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CLIMATE OF GALAPAGOS ISLANDS, FACTS [10 YEAR CLIMATE GRAPHS]

What is the best time to visit the Galapagos Islands?

  1. December - May, the "wet season", is the warmest and sunniest with short drizzle showers;

  2. June - November, the dry season is best for scuba diving and watching marine birds;

  3. March - April highlight flowers blooming and young for turtles and Sea Lions;

  4. July - August is breeding season for Boobies and other marine birds.

 

Climate of the Galapagos Islands, Facts

The climate of the Galapagos Islands favors visiting throughout the year. While the Equator runs through the archipelago, the weather is relatively mild. This is due to the Humboldt current, that bends eastward from Guayaquil.

 

The Wet Season

From December To May, the water and air temperatures are higher, which results in a somewhat higher humidity of the air and brief daily drizzling rains and fog at the higher elevations. Nevertheless, the rain showers are followed by periods of sunshine, making this season the sunniest of the year.

 

The moist conditions cause the flowers to peak blooming from March - April. This is also the the breeding season for sea Turtles, land Tortoises and Sea Lions.

 

The Dry Season

As the Humboldt Current runs through the archipelago during the dry season, it brings much colder water which also cools the air temperatures on the Islands. While this Antarctic current is cold it also results in the air above to  contain a low relative humidity, which translates in low annual rainfall. In fact the climate of the Galapagos Islands is arid to semi arid, but it varies with the elevations. As winds are forced up against the slopes of the higher mountains, the air cools off, forcing fog around the mountain tops, which still keeps the forests relatively moist during the dry season.

 

A third current influences the ocean waters, the Cromwell current, which wells up form deeper oceanic strata bringing nutrients to the surface. This causes plankton to florish, thus feeding the fish, which in turn attract oceanic birds, Blue and Pilot Whales, etc. to the islands. This is the best season to see Penguins and Albatrosses that are attracted to the schools of fish.  Blue-footed boobies and other marine birds have their breeding season, as do the Genovesa owls.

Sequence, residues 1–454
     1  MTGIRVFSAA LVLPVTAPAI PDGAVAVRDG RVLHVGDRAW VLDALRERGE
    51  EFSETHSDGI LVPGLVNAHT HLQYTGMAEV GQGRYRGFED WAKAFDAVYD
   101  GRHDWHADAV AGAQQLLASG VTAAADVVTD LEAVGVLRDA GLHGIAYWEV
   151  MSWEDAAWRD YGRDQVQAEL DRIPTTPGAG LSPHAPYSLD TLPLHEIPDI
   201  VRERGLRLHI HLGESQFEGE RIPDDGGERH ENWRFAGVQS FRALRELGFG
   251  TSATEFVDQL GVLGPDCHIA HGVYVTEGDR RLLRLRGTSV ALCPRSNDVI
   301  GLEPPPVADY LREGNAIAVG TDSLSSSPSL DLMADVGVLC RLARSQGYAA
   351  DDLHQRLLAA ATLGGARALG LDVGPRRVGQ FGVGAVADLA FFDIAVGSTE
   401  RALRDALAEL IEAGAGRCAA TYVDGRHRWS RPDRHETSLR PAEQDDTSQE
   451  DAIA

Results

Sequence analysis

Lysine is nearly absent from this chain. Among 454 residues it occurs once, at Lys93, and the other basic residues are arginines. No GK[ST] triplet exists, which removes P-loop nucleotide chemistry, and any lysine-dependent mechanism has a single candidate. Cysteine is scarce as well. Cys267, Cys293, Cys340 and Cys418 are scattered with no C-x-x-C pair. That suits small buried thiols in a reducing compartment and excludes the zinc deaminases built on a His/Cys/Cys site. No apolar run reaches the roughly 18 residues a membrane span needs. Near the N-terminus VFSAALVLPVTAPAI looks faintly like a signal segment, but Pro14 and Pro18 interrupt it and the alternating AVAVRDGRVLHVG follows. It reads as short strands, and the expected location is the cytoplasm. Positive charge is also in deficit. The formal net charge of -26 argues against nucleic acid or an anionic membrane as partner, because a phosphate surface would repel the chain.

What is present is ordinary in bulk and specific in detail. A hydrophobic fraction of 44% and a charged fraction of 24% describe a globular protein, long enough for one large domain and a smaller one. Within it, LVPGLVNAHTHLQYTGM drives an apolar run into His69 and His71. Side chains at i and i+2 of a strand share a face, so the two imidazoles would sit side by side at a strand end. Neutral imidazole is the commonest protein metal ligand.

From June to November, the dry season is characterized by permanently overcast skies  without rain (similar to the "Garua" climate in Lima). The winds increase and make the seas get choppy, causing many visitors get seasick.

 

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Temperatures range from 21 -30 C, while the annual precipitation is around 400 mm in the lowlands of Galapagos National Park, but higher on the mountain tops of the larger islands. As a result, the lowlands have arid - semi-desert - vegetation with lots of Opuntia cactuses and the islands while lava formations are lacking almost any vegetation.

 

The Trade winds

The Archipelago is located in the  southeastern trade wind region of the Pacific Ocean, which impact the currents that dominate the surrounding seas.  From January - April the trade winds decrease in strength, causing the Humboldt Current to shift South. As the warm tropical Panama current from the North warms up the water, thus initiating the warmer rainy season.

 

El Niño Season

Every 5-6 years, the El Niño current totally changes the weather patterns, with the archipelago right in the middle of the event.

Warm tropical water surrounds the waters, causing the temperatures to rise and rainfall to increase dramatically.  During the 1982-83 El Niño, the sea level rose 40 cm and the average temperature of the surface water 4oC; the average max. air temperature 3oC, which climatically are very dramatic increases, while the rainfall rose to 8 - 10 times the normal precipitation Also the average monthly precipitation and the annual precipitation increased 10-fold and eightfold, respectively.